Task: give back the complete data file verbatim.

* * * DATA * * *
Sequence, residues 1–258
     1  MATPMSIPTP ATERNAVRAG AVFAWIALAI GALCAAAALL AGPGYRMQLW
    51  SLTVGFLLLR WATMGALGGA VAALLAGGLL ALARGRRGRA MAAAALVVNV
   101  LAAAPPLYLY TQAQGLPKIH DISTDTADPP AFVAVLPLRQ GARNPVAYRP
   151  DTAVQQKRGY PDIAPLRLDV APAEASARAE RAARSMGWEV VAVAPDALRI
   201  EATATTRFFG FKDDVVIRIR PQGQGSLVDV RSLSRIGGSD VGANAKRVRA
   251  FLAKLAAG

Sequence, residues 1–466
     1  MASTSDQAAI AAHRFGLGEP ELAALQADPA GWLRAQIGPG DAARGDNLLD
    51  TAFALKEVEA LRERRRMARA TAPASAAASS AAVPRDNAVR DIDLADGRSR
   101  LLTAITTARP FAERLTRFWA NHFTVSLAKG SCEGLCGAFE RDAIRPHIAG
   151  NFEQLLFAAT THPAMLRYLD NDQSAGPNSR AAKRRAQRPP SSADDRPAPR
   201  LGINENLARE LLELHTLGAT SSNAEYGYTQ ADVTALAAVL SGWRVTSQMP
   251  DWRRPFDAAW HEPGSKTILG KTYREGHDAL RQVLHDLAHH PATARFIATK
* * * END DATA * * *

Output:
Sequence, residues 1–258
     1  MATPMSIPTP ATERNAVRAG AVFAWIALAI GALCAAAALL AGPGYRMQLW
    51  SLTVGFLLLR WATMGALGGA VAALLAGGLL ALARGRRGRA MAAAALVVNV
   101  LAAAPPLYLY TQAQGLPKIH DISTDTADPP AFVAVLPLRQ GARNPVAYRP
   151  DTAVQQKRGY PDIAPLRLDV APAEASARAE RAARSMGWEV VAVAPDALRI
   201  EATATTRFFG FKDDVVIRIR PQGQGSLVDV RSLSRIGGSD VGANAKRVRA
   251  FLAKLAAG

Sequence, residues 1–466
     1  MASTSDQAAI AAHRFGLGEP ELAALQADPA GWLRAQIGPG DAARGDNLLD
    51  TAFALKEVEA LRERRRMARA TAPASAAASS AAVPRDNAVR DIDLADGRSR
   101  LLTAITTARP FAERLTRFWA NHFTVSLAKG SCEGLCGAFE RDAIRPHIAG
   151  NFEQLLFAAT THPAMLRYLD NDQSAGPNSR AAKRRAQRPP SSADDRPAPR
   201  LGINENLARE LLELHTLGAT SSNAEYGYTQ ADVTALAAVL SGWRVTSQMP
   251  DWRRPFDAAW HEPGSKTILG KTYREGHDAL RQVLHDLAHH PATARFIATK